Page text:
African Honeyguides

Research on a remarkable
human-animal relationship

Honeyguide fieldwork in South Africa

Dec 19, 2020

Chima Nwaogu and Jessica van der Wal with greater honeyguides

Claire and Jessica, together with colleagues Dr Chima Nwaogu and Dr Gabriel Jamie, carried out pilot fieldwork at Honeywood Farm alongside Grootvadersbosch Forest in the southern Cape, South Africa. We were delighted to catch several greater and lesser honeyguides and look forward to returning for further fieldwork. Thank you to John and Miranda Moodie for their warm welcome to work on their beautiful farm. It was thrilling to see so many honeyguides so close to our home base at the University of Cape Town (and to be doing fieldwork again)!

Here Chima holds one of the young greater honeyguides we caught, in their distinctive bright yellow immature plumage.

















Honey-hunting Research Network workshop

The Honey-hunting Research Network (coordinated by Jessica van der Wal) met in Cape Town for a very enjoyable week of analysing and comparing interview data from honey-hunting cultures across Africa, painting a picture of the human cultural variation relevant to honeyguides, and its uncertain future on a rapidly changing continent. Joining in person were Wiro-Bless Kamboe, Rochelle Mphetlhe, George M’manga, Sanele Nhlabatsi, Daniella Mhangwana, Celiwe Ngcamphalala, Claire Spottiswoode and Jessica van der Wal. Thank you to the Cultural Evolution Society Transformation Fund for funding our get-together!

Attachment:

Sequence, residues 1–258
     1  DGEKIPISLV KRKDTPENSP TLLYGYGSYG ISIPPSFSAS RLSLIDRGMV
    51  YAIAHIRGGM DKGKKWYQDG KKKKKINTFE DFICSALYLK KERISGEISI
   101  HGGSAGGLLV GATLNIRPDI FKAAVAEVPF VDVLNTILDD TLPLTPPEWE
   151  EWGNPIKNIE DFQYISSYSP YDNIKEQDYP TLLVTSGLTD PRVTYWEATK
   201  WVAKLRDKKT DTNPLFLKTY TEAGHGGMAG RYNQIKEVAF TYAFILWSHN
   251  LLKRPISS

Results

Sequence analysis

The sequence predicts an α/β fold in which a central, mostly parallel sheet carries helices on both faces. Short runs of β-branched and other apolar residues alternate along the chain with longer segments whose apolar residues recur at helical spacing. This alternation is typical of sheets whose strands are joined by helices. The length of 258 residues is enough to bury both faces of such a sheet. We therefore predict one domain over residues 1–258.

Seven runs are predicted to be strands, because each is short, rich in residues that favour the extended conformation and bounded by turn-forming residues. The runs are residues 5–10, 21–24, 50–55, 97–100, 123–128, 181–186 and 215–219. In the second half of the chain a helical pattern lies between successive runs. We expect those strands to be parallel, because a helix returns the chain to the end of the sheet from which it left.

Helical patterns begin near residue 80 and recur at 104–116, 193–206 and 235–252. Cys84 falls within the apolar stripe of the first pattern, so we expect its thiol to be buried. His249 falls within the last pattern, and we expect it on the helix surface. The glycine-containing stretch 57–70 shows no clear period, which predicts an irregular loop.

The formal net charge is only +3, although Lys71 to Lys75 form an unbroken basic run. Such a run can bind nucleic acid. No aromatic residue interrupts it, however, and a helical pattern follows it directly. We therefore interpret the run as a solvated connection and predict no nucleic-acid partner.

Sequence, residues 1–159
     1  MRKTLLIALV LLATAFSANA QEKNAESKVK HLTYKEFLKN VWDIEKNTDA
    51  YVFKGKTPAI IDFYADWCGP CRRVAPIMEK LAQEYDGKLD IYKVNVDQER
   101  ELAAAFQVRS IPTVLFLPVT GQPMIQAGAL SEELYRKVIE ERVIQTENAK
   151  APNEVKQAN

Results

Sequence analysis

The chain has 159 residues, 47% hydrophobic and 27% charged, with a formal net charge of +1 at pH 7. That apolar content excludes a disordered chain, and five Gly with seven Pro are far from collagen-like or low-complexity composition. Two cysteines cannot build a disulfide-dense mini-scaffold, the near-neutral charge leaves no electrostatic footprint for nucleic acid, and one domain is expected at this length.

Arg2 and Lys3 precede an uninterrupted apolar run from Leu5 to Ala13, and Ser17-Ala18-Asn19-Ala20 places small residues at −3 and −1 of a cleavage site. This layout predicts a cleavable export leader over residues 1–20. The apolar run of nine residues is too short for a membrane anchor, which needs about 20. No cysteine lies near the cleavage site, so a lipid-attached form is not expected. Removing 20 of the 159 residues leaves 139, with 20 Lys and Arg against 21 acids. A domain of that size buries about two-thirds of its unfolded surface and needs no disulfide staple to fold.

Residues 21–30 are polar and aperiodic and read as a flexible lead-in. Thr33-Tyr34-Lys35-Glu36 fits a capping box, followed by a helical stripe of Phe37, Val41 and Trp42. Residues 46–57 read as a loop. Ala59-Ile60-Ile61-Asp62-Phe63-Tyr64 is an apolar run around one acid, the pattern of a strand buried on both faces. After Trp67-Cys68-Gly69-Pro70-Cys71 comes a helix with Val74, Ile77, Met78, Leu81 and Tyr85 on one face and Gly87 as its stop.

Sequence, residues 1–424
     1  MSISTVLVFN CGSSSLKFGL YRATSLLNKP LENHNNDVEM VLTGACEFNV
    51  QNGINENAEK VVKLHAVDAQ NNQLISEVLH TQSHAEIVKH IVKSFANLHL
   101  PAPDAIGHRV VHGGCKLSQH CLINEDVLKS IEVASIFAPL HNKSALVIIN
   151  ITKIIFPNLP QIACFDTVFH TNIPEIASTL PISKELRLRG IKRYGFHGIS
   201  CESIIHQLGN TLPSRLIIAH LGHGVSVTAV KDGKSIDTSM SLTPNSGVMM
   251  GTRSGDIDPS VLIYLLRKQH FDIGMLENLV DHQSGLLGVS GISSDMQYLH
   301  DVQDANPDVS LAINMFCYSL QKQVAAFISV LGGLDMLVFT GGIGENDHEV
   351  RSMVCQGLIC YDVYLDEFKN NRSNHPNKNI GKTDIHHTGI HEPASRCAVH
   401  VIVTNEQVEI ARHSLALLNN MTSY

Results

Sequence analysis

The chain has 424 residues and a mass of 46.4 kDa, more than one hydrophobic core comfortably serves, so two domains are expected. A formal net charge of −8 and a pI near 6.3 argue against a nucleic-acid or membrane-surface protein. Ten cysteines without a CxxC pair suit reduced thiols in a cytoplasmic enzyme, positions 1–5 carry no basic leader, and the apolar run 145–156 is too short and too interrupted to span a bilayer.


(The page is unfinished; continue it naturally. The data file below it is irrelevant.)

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New paper on human-honeyguide cooperation and communication

A new study from the Honeyguide Research Project shows that Greater Honeyguides learn the distinct calls that honey-hunters in different parts of Africa use to communicate with them, facilitating cooperation between species. Human honey-hunters signal to honeyguides using specialised calls that vary culturally across Africa. The new study shows using field experiments in Mozambique and Tanzania that honeyguides prefer the specialised calls of the local human culture they interact with, compared to those of a foreign culture. This implies that honeyguides can adjust to human cultural diversity, increasing the benefits of cooperation for both people and birds.

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